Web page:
Didi, a Chinese vehicle hire company, is now struggling as its shares fell more than 6% on July 2 after a major IPO victory. This came after China announced it would investigate its cybersecurity system.
Didi Under Investigation
According to China's official announcement, the new users will not register for Didi's ride-hailing service during China's cybersecurity review.
China's decision comes two days after Didi held its internal public offering or IPO on the New York Stock Exchange. The stock was positioned to show another day of gains after closing up to 16% on July 1, according to The Wall Street Journal.
The shares of Didi had increased 5% in premarket trading before China released its review announcement.
Didi said that it would cooperate during the review. A spokesperson told CNBC through email that the company plans to examine its cybersecurity risks comprehensively. It will continuously improve its cybersecurity systems and technology capacities.
China's review announcement also shows a broader trend of the country's regulatory crackdown on technology companies based there that were once loosely regulated.
Reuters reported back in June that Chinese regulators were investigating Didi for antitrust violations. China is also looking into Didi's pricing mechanism to ensure fair pricing.
In 2020, Ant Group's IPO in Hong Kong and Shanghai was delayed after Chinese regulators stepped in and interviewed the company's top executives, including billionaire Jack Ma.
The Chinese regulators hit Alibaba with a $2.8 billion fine in April, saying the company had abused its market dominance and prevented small businesses from thriving in the industry.
Didi had warned in its IPO prospectus that it met with regulators this year, together with several other Chinese internet companies.
Didi said that it might be subject to penalties, as Chinese regulatory bodies might not be satisfied with their inspection results.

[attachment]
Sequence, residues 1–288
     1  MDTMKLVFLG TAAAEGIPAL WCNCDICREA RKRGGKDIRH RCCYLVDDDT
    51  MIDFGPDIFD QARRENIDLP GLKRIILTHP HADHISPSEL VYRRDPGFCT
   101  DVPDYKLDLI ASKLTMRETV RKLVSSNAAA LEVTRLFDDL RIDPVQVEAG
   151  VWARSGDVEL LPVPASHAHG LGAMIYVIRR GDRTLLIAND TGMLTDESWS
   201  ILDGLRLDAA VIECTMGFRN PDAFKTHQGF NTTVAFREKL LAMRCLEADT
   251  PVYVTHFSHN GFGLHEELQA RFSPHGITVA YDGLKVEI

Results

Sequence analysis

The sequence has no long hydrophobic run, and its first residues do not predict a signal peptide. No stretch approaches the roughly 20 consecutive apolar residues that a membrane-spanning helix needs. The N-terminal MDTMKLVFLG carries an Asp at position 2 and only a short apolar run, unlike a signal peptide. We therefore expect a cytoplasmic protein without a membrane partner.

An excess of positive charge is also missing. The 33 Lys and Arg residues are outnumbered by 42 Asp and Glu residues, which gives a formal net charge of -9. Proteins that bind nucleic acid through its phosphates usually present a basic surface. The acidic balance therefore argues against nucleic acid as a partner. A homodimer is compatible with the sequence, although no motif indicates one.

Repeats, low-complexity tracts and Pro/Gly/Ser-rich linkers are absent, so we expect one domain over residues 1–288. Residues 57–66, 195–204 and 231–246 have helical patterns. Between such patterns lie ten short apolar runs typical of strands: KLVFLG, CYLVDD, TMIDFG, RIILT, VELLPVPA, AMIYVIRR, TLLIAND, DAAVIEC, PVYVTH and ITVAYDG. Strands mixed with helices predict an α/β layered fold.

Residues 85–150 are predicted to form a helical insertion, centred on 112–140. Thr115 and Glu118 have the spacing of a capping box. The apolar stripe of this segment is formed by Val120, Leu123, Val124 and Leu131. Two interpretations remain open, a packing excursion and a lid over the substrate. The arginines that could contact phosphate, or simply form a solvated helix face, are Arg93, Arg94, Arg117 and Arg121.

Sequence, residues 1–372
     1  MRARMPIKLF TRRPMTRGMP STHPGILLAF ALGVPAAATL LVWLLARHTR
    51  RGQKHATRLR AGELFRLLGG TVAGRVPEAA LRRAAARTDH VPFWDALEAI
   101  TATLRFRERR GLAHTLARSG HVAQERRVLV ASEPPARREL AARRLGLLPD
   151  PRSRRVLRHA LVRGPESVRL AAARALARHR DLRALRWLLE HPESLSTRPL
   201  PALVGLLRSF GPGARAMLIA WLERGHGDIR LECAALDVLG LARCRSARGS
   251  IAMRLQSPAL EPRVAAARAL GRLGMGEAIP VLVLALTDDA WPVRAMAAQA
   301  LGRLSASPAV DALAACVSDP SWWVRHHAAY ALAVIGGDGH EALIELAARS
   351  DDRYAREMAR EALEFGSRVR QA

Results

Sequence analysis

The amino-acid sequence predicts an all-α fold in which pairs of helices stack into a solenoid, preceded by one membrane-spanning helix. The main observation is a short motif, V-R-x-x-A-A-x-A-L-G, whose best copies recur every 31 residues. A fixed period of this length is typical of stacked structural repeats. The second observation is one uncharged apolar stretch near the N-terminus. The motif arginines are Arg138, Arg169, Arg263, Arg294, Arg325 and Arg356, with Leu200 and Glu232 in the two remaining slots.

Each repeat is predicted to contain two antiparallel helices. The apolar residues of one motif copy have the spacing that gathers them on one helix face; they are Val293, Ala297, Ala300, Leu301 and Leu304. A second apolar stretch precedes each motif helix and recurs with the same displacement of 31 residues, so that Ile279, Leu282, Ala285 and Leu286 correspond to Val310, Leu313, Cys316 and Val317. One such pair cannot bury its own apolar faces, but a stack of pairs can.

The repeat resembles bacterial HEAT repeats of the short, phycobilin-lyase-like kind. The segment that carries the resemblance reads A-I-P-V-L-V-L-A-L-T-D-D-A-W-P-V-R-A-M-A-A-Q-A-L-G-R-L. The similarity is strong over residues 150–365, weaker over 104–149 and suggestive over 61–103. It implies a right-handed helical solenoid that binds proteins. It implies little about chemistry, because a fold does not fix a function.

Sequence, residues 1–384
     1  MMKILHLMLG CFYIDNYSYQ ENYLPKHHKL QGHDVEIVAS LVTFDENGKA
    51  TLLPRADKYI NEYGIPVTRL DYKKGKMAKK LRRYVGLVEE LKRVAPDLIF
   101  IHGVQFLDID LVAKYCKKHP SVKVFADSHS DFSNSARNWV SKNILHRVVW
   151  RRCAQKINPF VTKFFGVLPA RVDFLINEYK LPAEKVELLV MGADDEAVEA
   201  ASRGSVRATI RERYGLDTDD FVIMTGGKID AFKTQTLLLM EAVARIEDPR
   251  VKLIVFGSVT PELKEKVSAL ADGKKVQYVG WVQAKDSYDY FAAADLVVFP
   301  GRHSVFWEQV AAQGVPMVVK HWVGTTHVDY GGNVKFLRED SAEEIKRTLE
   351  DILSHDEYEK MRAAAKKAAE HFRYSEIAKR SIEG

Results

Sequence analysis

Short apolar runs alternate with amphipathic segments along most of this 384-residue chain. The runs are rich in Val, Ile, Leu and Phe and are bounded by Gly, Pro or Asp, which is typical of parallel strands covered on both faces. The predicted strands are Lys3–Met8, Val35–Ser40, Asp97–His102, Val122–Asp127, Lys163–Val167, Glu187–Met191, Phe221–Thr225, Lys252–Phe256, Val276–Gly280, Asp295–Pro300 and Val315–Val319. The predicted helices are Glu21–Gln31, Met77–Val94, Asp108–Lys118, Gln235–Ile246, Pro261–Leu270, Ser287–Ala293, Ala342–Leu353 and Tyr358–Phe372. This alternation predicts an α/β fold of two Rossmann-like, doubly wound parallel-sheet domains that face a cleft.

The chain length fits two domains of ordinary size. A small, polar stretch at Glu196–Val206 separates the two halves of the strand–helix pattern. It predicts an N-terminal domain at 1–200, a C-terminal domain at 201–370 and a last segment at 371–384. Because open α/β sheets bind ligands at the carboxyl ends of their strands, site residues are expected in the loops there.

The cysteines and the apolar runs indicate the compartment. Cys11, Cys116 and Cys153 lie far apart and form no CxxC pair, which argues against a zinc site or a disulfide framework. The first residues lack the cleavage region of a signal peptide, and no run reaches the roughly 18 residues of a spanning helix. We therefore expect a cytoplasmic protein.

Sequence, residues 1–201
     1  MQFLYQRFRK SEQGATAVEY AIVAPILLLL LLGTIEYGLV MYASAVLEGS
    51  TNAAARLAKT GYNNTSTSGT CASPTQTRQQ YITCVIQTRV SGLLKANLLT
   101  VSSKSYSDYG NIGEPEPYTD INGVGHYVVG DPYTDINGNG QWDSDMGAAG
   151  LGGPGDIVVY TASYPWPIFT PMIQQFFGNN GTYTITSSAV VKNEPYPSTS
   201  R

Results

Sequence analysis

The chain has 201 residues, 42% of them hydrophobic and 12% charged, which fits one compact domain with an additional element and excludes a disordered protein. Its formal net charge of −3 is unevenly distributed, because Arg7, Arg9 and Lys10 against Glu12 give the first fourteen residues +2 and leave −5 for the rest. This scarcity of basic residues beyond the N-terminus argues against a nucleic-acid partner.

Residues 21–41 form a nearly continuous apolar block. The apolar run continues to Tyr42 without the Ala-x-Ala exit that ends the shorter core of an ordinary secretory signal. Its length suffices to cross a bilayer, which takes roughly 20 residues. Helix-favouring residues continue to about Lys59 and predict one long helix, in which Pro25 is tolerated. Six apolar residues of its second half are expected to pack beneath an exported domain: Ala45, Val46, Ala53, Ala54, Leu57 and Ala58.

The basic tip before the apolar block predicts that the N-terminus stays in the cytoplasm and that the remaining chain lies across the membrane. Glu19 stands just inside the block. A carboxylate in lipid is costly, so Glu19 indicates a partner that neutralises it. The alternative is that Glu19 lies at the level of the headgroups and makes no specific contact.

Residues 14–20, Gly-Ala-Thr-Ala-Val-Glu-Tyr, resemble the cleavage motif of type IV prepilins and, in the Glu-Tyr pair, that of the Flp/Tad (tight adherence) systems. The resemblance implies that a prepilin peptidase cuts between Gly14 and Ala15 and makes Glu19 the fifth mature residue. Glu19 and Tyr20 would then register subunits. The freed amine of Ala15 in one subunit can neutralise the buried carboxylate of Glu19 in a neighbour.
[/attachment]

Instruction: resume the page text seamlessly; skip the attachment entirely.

The company noted in its prospectus that they couldn't assure their investors that the Chinese regulatory authorities will be satisfied with their self-inspection results or that they will not be subject to any penalty with respect to any violations of anti-unfair competition, pricing, anti-monopoly, privacy protection, advertisement, product quality, food safety, tax and other law and regulations.
Didi expects that these areas will receive better and continued attention from the Chinese regulators and the general public going forward.
Didi's Promising Debut
Didi's debut on June 30 was the biggest listing by a Chinese company in the United States market since Alibaba Group Holding Ltd in 2014.
Didi had aimed to raise up to $10 million through its IPO to value the company at $100 billion. But investors were critical of the valuation target during meetings before launching the deal, which pushed its size down.
Didi was originally named Didi Dache, founded in 2012 by Cheng Wei, and Alibaba, Tencent, and Uber back it. It has 493 million active riders annually, and it records 41 million transactions every day.
Didi started expanding internationally in 2018, and the company now operates in 14 countries outside of China. Aside from ride-hailing, Didi is heavily invested in making autonomous taxis possible, and it operates several segments around mobility.
This article is owned by Tech Times
Written by Sophie Webster